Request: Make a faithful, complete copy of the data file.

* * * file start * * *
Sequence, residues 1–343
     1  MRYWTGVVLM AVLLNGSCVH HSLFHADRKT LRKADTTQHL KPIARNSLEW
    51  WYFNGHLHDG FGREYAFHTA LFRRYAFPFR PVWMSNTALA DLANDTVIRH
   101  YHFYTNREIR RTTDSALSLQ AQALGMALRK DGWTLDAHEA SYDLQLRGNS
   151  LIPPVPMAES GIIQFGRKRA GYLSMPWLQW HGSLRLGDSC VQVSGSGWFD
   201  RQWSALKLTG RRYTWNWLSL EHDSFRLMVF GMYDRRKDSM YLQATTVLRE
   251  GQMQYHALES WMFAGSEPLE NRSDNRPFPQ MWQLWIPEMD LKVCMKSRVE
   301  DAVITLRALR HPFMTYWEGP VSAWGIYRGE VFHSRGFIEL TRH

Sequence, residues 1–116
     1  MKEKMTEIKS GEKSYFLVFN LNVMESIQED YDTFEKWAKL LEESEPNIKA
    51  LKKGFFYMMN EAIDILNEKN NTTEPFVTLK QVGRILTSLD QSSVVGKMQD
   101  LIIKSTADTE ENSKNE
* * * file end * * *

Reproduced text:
Sequence, residues 1–343
     1  MRYWTGVVLM AVLLNGSCVH HSLFHADRKT LRKADTTQHL KPIARNSLEW
    51  WYFNGHLHDG FGREYAFHTA LFRRYAFPFR PVWMSNTALA DLANDTVIRH
   101  YHFYTNREIR RTTDSALSLQ AQALGMALRK DGWTLDAHEA SYDLQLRGNS
   151  LIPPVPMAES GIIQFGRKRA GYLSMPWLQW HGSLRLGDSC VQVSGSGWFD
   201  RQWSALKLTG RRYTWNWLSL EHDSFRLMVF GMYDRRKDSM YLQATTVLRE
   251  GQMQYHALES WMFAGSEPLE NRSDNRPFPQ MWQLWIPEMD LKVCMKSRVE
   301  DAVITLRALR HPFMTYWEGP VSAWGIYRGE VFHSRGFIEL TRH

Sequence, residues 1–116
     1  MKEKMTEIKS GEKSYFLVFN LNVMESIQED YDTFEKWAKL LEESEPNIKA
    51  LKKGFFYMMN EAIDILNEKN NTTEPFVTLK QVGRILTSLD QSSVVGKMQD
   101  LIIKSTADTE ENSKNE